Feature

The term eccentric engineering brings to mind a Willy Wonka-inspired mechanical utopia where anything is possible. For artist and environmental engineer Tega Brain, that image is not far from reality. Swapping chocolate rivers for real waterways, Brain specialises in combining artistic concepts with ecology and engineering. “I use the term eccentric engineering because this phrase captures my obsession with questions of how we design the systems we live with,” she says.

Dividing her time between Sydney and New York, Brain is active in using technology and engineering to create large-scale art works and interactive devices.

Literally looking outside the box, she relies heavily on consequence and coincidence, finding ways to turn structural anomalies into mutually beneficial systems where success lies in an unplanned event.

“In my work, I create systems that operate with unexpected or unconventional agendas – like [in Being Radiotropic 2016] a Wi-Fi router where the data speed and network strength oscillates in sync with the phase of the moon,” explains Brain. “Traditional engineering practices are concerned with building closed, tightly controlled systems that minimise risk to the human, but they largely overlook that the human is embedded in a dynamic ecological system.”

Water and its environmental importance as a global resource is a consistent theme in Brain’s eccentric engineering. In 2011 at Sydney’s FirstDraft gallery, Brain exhibited Coin Operated Wetland, an installation using the traditional laundromat model to explore how everyday activities can unexpectedly reduce waste and benefit other life forms. In a room set up with washing machines, a clothesline and a row of grassy, water loving plants, Brain’s laundromat used the wastewater coming through the pipes to sustain the plants. In addition to this, as the dirty water pooled and moved through the plants and their root systems, it was filtered and cleaned, ready to be used in another wash cycle. By looking at alternative solutions for wastewater, Brain fulfilled the basic premise of eccentric engineering by developing a structure that encouraged other living organisms to co-exist with humans.

Being-Radiotropic-Woods
Tega Brain, Being Radiotopic series, The Woods, 2016, wifi router, live spathiphyllum, sensors. 25cm x 25cm x 40cm.

Currently, Brain is collaborating with Sydney-based artist Janet Laurence to propose a work for Glenorchy Art and Sculpture Park (GASP). Situated in an industrially polluted inlet in Southern Tasmania’s Derwent River, GASP is the driving force behind Swimmable, an ongoing series of artworks seeking to repair and enhance the site. As part of Swimmable, Brain and Laurence intend to create Parliament, an artificial island encompassing an off shore land mass and a reef, specifically designed to support and encourage native plants and animals to repopulate the area. “We are in conversation with scientists at the University of Tasmania who have experimented with reef building,” says Brain. “Structures can be quite simply made by placing existing shells in bags or using frayed rope.”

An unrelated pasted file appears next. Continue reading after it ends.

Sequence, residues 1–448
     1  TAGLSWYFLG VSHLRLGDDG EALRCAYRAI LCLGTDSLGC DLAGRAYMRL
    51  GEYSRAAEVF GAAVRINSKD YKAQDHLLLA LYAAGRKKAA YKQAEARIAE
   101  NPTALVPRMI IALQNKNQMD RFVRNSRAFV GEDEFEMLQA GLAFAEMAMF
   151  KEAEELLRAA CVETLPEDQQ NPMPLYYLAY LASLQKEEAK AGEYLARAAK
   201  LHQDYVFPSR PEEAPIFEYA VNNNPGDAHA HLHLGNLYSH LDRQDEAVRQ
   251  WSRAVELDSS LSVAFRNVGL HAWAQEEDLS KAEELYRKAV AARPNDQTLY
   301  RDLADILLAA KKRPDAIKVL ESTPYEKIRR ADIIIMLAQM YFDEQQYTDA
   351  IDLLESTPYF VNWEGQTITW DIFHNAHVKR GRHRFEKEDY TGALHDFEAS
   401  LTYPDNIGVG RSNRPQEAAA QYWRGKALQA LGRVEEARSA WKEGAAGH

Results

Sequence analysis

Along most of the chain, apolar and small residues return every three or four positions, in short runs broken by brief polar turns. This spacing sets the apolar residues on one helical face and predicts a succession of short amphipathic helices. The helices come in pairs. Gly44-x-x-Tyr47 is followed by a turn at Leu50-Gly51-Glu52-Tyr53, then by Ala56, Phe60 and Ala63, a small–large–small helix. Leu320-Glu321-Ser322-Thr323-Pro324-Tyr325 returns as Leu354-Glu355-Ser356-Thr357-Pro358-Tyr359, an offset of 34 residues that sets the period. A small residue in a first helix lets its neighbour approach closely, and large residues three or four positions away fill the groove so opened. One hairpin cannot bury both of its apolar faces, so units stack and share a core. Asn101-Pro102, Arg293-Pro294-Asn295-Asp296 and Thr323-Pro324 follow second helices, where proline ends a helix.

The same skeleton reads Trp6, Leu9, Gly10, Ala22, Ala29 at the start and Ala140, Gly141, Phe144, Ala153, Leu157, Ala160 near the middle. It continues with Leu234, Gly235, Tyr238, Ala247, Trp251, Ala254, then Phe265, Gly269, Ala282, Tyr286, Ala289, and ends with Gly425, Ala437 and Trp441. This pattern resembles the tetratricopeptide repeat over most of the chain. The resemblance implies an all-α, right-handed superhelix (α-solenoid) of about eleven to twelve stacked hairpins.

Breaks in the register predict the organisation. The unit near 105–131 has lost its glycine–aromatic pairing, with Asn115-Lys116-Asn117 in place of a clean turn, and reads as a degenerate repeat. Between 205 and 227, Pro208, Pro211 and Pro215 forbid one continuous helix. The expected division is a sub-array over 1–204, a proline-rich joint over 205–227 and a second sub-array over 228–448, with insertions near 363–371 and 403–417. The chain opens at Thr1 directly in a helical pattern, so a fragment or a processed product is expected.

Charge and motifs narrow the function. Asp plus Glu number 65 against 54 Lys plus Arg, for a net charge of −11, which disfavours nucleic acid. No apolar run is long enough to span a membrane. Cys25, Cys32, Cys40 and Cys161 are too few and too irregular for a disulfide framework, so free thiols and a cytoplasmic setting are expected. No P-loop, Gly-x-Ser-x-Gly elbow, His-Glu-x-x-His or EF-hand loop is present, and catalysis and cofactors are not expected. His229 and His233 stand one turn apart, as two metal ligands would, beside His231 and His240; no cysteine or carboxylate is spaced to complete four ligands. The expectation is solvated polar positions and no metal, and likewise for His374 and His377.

Alongside these environmentally progressive projects, Brain is also interested in the engineering of biological functions.

In Smell Dating 2016, Brain and researcher Sam Lavigne developed a Tinder-like project that ditched the profile photo and matched people via scent only. Dubbed “the first mail odour dating service”, hundreds of people in New York City sent in t-shirts they had worn for three days straight. Each participant then received 10 musky swatches taken from other people’s shirts. By using an olfactory alternative to find the perfect match, Brain admits, “This is an incredibly inefficient way to date, as we provide no information on age, gender or sexual orientation, however, it yields an incredibly evocative experience.”

Similar to the imaginative effect science fiction has on the creation of real life innovations like The Planetary Society’s Light Sail and Google Glass, Brain is able to creatively combine scientific techniques with artistic concepts to question the limits of what we currently know. With a strong focus on the environment and technology, Brain’s work urges us to consider the hidden potential of everyday objects by highlighting the unexpected and exploring the possible.

Briony Downes